In the scorching sun and salty air of Bahía de Los Ángeles, a hidden Eden of plant life flourishes. This intricate ecosystem, located on the west coast of Baja California and in the Gulf of California, hosts a dizzying array of marine and terrestrial flora that tells a story of both survival and commercial promise. As research unfolds, it's becoming increasingly evident that this bay area is not just an ecological marvel but a potential goldmine of biological resources.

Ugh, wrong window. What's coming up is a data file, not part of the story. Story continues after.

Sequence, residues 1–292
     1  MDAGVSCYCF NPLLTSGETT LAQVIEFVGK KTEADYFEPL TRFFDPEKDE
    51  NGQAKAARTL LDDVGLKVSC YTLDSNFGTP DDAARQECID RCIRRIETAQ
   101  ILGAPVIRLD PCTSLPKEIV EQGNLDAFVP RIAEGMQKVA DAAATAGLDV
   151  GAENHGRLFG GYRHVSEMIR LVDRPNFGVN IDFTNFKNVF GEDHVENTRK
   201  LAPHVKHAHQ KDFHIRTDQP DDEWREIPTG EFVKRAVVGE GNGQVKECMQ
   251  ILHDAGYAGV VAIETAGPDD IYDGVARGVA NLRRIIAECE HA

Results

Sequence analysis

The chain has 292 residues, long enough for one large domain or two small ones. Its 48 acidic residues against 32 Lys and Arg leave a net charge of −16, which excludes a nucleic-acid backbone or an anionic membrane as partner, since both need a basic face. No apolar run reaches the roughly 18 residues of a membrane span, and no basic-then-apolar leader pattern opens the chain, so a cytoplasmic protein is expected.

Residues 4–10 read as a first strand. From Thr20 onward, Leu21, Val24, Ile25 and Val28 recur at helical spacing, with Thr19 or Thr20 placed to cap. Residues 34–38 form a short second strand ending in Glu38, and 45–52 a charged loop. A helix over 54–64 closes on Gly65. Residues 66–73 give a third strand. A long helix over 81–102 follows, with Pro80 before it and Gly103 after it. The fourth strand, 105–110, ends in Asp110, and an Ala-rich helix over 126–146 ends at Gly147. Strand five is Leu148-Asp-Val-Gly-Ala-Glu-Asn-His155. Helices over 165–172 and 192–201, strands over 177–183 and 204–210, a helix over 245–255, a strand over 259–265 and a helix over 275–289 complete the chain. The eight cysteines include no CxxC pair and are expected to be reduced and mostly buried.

Take, for instance, the Red mangrove (Rhizophora mangle), a tropical plant native to Mexico. The lush patches of this mangrove in Bahía de Las Ánimas, Ensenada Guadalupe, Estero El Rincón, and Estero de las Caguamas on Coronado Island represent the northernmost range of this unique species. Mangroves serve as the backbone of a rich intertidal zone, a sanctuary for marine life and birds alike.